Wednesday, December 29, 2010

Fetching wood

I left the cabin for the first time since arriving on Sunday. Yup, I made it all the way to the shed to fetch wood. Aaron got home a little early from work today, so it wasn't dark yet. I handed Walker over; threw on boots, hat, gloves, and coat; and pranced outside. The door which leads to the shed has a ramp instead of stairs, we were told it was so the previous owners could wheelbarrow loads of wood right into the house. We also were told, all that wood wasn't enough to get the place warm. I think the most recent owner did some weatherizing, because we don't need wheelbarrows of wood, even though it was windy and down to 9 degrees the other night. And it's a good thing, too, since we don't have a wheelbarrow. I'm hauling wood with a canvas strip affixed with two leather handles.

The snow, powdery and wind blown, looks like sand:

As the light first started fading, it seemed the snow had absorbed it, everything else was receding while the snow glowed bone white. The upper sky was dark blue, with a few large stars, but down below, behind the black branches of the trees, the sky was a pink so delicate it was just shy of white. As the darkness settled in, the snow turned silver, except where the yellow light from our propane lanterns turned it gold. I went back and forth from the shed to the house thinking of my grandfather who died three-and-a-half years ago. Although both my grandparents and my parents heated with wood stoves, it is my grandfather I think of hauling wood. In part this is because I spent more time helping him with wood chores than I did my father. But also, because, micromanager that he was, he was there with me most of the time.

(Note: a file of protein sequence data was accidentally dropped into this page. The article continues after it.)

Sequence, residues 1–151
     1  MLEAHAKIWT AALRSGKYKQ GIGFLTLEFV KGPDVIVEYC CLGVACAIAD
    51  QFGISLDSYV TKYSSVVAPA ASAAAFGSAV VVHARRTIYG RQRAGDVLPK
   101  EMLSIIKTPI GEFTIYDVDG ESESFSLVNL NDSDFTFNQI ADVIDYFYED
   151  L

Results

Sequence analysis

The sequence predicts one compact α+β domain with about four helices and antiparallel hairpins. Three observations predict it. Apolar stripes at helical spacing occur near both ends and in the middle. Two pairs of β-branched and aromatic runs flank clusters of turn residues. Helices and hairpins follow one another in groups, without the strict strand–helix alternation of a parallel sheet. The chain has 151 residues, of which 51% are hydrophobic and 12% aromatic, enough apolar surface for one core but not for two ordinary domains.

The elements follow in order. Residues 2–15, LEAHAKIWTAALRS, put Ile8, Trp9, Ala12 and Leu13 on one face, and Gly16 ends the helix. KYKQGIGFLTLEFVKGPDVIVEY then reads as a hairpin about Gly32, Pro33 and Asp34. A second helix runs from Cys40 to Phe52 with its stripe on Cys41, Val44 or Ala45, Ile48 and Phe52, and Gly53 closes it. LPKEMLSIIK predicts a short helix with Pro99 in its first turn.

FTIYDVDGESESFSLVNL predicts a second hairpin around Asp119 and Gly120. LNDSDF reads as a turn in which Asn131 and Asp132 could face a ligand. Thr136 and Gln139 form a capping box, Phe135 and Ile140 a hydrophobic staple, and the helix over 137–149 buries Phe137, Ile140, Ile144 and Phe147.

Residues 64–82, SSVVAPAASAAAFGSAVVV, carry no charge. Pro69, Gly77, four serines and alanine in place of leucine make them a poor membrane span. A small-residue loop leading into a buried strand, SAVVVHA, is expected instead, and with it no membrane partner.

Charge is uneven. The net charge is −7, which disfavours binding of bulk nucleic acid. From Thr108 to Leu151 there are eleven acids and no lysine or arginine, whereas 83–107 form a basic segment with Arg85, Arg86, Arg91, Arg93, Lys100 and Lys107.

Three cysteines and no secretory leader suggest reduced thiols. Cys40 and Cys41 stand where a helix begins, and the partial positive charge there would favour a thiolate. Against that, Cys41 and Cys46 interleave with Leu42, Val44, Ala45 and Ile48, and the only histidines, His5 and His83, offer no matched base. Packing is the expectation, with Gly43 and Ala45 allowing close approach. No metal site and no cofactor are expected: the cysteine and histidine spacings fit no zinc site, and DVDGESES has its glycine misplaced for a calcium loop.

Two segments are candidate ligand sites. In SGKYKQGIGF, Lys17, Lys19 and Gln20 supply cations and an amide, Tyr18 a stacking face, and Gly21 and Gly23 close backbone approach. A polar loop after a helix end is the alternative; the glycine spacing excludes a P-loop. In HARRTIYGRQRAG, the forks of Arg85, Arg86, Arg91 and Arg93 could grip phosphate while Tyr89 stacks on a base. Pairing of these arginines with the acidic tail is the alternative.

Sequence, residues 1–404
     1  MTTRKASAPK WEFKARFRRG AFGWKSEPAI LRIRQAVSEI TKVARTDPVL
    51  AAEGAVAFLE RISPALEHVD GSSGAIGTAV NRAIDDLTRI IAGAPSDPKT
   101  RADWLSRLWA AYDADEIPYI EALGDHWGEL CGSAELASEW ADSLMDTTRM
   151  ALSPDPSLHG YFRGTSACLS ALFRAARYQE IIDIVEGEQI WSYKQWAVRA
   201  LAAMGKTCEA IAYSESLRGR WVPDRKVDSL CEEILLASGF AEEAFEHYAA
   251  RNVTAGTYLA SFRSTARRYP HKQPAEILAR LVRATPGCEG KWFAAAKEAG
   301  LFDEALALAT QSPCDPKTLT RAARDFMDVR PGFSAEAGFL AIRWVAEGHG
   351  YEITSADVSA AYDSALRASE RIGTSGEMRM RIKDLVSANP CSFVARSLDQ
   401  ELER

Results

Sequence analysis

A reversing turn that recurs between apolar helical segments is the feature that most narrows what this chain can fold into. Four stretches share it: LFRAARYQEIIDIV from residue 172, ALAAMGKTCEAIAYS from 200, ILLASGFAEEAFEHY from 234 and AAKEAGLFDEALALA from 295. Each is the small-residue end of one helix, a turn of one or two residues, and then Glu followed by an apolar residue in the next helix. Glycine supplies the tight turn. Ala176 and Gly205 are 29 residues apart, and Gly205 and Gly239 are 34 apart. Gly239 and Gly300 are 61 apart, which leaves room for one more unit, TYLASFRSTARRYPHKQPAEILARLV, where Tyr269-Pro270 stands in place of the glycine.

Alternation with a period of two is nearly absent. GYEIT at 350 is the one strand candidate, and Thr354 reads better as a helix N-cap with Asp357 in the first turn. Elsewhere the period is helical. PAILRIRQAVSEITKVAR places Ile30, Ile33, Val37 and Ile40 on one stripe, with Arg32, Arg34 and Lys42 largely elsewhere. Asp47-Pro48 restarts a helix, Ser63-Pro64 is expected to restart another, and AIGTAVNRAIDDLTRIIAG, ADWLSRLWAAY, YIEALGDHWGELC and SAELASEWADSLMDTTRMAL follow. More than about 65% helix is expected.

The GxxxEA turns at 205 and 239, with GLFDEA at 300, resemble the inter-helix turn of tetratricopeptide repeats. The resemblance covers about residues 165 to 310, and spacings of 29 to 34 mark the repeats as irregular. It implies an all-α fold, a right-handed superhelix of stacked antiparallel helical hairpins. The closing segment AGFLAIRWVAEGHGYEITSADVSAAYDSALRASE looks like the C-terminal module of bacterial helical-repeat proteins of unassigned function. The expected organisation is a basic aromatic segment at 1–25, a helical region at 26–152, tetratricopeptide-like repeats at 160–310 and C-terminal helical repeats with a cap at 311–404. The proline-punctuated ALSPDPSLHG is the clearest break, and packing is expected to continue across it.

In particular, I remember his hands, in their worn, but stiff, gray work gloves, handling the wood in his fumbley, careful way. The older he got, the fumblier, but never clumsy. We would load his red wheelbarrow and transfer wood from where we had just been sawing it up to the wood pile or from the wood pile to the iron storage hoop on the front porch. And I think of him as I am learning the care and feeding of our stove. The white gravel that surrounded my grandparents stove would crunch when he went down on one knee to tend to the fire. After opening the stove door, he would pause to survey the scene before picking a piece of wood. And then pause again before poking around with the andiron and finally putting the wood in. Despite all this deliberation, he was a ham, not a serious sort.  His humor was whimsical, at times, cornball, and always kind. His wheelbarrow is waiting for me in Vermont. As soon as we can figure out transport, we will bring it here to join his saws, wrenches, and screwdrivers. I'm so glad I have these things, even though they make me miss him even more.

Tuesday, December 28, 2010

Digging out

As the top half of the Eastern Seaboard digs out from the recent blizzard, I started digging out from our recent move. The boxes have collected in drifts along the walls, on furniture, under the stairs.  Since we are planning to work on the cabin this summer, the goal is to unpack as little as possible. My hope is that after consigning a lot of stuff to deep storage, I'll be able to let go of it once and for all next Fall. It's a pretty thought, anyway. We have so much stuff it's making the cabin feel smaller than it did this summer.